I’m on track so far!  Chugga-chugga-choo-choo-I-think-I-can-I-think-I-can!  Now, if I just don’t run out of steam … . free Trains Clipart - Trains clipart - Trains graphics - Page 6

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First Drafts–Rough or Ready?

Thinking or Writing?

Thinking or Writing?

I know, I know … a first draft is supposed to be a rough draft.  I’m not supposed to stop and edit, take time to tinker with word choices and sentence structure, and rewrite my first chapter a dozen times before moving on to the next.  How can I expect to finish a novel that way?  No way!  I’m supposed to write as if running a sprint, not a marathon–full speed, stopping for nothing, not even to catch my breath.

Then, when I’ve reached the finished line … I won’t be finished.  I will discover I’ve been running the first lap of what is a marathon, after all.

I’m beginning to think this is hard for me because it isn’t the way anything else in life is supposed to be managed: marrying, raising children, cooking supper.  Is it?  Imagine if I ran a payroll (my day job) that way–just get it done and then fix the errors afterward.  But running payroll isn’t a creative endeavor … not like marriage, child-rearing, supper, art.

Art in Action

Art in Action

Watching a video of a young artist, drawing a face from out of blank canvas, helps me find my answer in a question.  A hint of a face, a rough sketch of a face, an almost face, a recognizable face, a remarkable face … what if she had to get the chin just so before she could let herself go … on … to freedom … to free the face, to free herself … to finish?

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What Makes a Novel?

A novel without a plot is … a story without a purpose … is a character without a goal.

As Antoine de Saint-Expury stated: “A goal without a plan is just a wish.”  To which I add: “A plan without a deadline is just a wishlist.”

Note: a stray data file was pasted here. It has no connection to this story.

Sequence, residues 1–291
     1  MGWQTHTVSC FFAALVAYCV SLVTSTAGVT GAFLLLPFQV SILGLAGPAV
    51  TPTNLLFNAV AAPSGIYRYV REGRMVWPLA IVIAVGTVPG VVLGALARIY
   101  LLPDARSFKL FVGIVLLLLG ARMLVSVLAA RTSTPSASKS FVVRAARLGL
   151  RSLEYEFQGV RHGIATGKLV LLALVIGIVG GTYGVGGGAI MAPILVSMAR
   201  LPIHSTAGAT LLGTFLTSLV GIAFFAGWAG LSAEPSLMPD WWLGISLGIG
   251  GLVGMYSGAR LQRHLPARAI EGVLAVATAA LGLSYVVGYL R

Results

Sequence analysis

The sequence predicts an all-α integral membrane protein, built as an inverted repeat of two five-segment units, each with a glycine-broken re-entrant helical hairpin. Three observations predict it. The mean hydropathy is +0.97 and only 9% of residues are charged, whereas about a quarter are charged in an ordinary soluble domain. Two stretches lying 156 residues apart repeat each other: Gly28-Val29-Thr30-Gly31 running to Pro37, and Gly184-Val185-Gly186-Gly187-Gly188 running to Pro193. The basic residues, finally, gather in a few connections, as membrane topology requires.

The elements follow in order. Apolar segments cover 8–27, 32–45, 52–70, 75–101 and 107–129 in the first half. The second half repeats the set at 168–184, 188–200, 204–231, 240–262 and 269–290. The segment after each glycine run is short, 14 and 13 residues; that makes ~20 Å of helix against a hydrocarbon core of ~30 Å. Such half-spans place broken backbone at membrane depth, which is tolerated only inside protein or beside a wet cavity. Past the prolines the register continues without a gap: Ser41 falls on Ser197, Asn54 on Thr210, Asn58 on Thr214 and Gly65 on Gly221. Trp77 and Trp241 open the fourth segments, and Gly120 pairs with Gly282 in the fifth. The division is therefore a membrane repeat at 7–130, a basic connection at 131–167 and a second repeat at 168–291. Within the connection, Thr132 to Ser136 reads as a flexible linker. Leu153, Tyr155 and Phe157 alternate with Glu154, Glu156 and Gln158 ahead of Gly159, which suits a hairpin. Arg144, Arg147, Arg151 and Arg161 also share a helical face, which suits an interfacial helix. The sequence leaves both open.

What makes a novel?  A purpose-driven character and a writer with a deadline.

My first novel, Man in the Moon, sprang from my first writing assignment and budded during my final writing assignment of a course by the Institute of Children’s Literature.  I had a goal, plan, and deadline.  So, too, did my main character.

Now for the sequel, Milky Way Home … .  What does Rory Shaver, my main character, want–what are his goals?  How will he attain them and against what odds?  How long does he have–the deadline?  When and where do these events transpire, and with whom does he interact?  The answers will take my idea on its journey to becoming a novel.

But I must travel the same path to become the novelist … again.  My goal: to write this sequel.  My plan: hmmm … need a basic outline, a framework, flexible but providing direction.  And voila!–what I’d been lacking: a deadline.  I have determined, if my LORD GOD is willing, to complete the rough draft by 9/18/13.

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Fans Fan Flames

Last spring I gave an author talk to an AP 6th-grade class. Boys and girls hugged me and shook my hand, naming my book (Man in the Moon) as their favorite. They asked thoughtful questions about the characters, plot, and how the book came to be.  They asked for a sequel.  What more could an author want to light the spark of creativity and fan the flames of inspiration?